problems. these problems were gradually resolved by '76, but it was too
late. it hung on until '77. after over 1.7 MILLION Vegas built, Chevy
quietly discontinued their first "mini-car" in '78, with vega gone, std.
motor for Monza was the iron 2.5 pontiac 4 cyl OHV (hugh!)

VEGA BODIES REBORN in '78!- the Monza "S". which was identical to Vega
Hatchback coupe from the year before was offered in '78 only, again to
reduce monzas' base price, although few of these were built. wagon body
returned as a monza, also was identical to vega wagon, save the monza
grill, bumpers, Dash & steering wheeel. it sold as well as the Vega
Wagon had and was offered until Monzas' end.

When the Vega was introduced in '71 at 2,100-2,300 lbs; depending on
body style, it was considered 200 lbs overweight versus the
"competition" the 1975 Monza was 2,700+ lbs. with the std. Vega motor!
Chevy took a now aging design (Vega was designed the 60's) and getting
heavier due to safety regulations.V8 Monza is 3,200 lbs! Chevy should
have produced the ALL ALUMINUM 302 V8 (prototype-1972) Vega GT. they
were too buzy spending millons on the Wankel (rotory) engine. testing it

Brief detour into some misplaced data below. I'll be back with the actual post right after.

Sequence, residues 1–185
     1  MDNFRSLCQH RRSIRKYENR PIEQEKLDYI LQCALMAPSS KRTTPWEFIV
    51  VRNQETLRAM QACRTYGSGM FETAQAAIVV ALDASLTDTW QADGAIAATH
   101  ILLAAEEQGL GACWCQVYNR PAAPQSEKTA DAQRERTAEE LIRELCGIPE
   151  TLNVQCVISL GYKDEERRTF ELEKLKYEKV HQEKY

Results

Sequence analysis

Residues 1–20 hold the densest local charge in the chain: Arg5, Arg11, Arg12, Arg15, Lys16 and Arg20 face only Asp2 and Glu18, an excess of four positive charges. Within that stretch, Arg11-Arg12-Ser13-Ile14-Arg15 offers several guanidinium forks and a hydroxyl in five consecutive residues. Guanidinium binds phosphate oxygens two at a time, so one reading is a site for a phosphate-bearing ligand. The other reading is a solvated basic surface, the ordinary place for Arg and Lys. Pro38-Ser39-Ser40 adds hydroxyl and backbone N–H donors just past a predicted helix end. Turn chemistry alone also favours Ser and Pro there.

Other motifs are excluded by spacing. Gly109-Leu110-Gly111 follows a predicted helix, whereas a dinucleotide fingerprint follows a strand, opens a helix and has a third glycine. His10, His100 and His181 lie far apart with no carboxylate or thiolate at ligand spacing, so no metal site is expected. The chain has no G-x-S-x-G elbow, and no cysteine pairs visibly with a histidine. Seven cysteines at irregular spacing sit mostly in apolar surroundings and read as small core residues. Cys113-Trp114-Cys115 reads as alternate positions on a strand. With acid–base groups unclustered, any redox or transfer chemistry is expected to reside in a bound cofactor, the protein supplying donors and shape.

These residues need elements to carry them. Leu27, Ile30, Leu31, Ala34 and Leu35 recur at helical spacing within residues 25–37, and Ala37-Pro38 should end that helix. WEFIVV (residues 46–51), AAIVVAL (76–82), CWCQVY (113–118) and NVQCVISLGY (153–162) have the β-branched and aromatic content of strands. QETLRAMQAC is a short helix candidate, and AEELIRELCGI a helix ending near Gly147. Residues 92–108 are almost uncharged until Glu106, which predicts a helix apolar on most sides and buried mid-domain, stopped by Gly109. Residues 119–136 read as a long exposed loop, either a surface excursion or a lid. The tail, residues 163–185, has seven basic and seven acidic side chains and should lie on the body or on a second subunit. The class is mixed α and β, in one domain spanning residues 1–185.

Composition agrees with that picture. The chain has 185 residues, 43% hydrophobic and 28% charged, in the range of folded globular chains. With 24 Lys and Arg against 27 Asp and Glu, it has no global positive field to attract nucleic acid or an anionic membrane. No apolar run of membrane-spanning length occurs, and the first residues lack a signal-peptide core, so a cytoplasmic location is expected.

in Vegas as early as 1973 in Canada. this is the motor that was planned
for Monza. of course this project died, as fuel economy & emmisions
dictated GM's priorities.

Had chevy beefed up the Vegas' brakes & rear axle earlier on, and
offered the 302 Aluminum V8, the Vega would be highly desirable indeed. 
weight of aluminum V8 brought the vegas total weight to only 2500 lbs.! 
13.9 QUARTER MILE TIME! with stock rear axle and tires; 350 automatic. 
these engines were designed in 1959 as 289's for use in corvette
research vehilcles. chevy updated one of the remaining motors for the
vega prototype. main change was overbore to 302 c.i. few exsisted in
1972. a production car never had it. can you imagine what a FACTORY
72-73 Vega GT with an aluminum 302 V8 would be worth today. TOO MUCH for
me to afford. in '72, i was 13, riding a bike! but loved these cars. i
visited my local chevy dealer quite a lot (usually during school lunch.)
maybe after all these years I MIGHT build one (similar) start with a
71-73 coupe (2,000 lbs. without motor) add a new 350 with aluminum heads
and aluminum manifold crate motor-330 h.p 4-spd-narrowed 12 bolt rear-
custom radiator TOTAL WEIGHT=about 2,500 lbs.!!! or 700 lbs lighter than
V8 Monza. compare some specs.-

  1972 vega 4 cyl. 110 hp 4-speed 3:36 axle
  0-60 12.5 sec. qtr mi.19.1
  source motor trend jan.'72

  1975 monza 8 cyl 110 hp 3 speed auto. 2.93 axle 
  0-60 12.6 sec. qtr mi. 19.0
  source motor trend nov.'74

Isn't that amazing. 4 cyl vs. 8 cyl-SAME PERFORMANCE-why? weight. the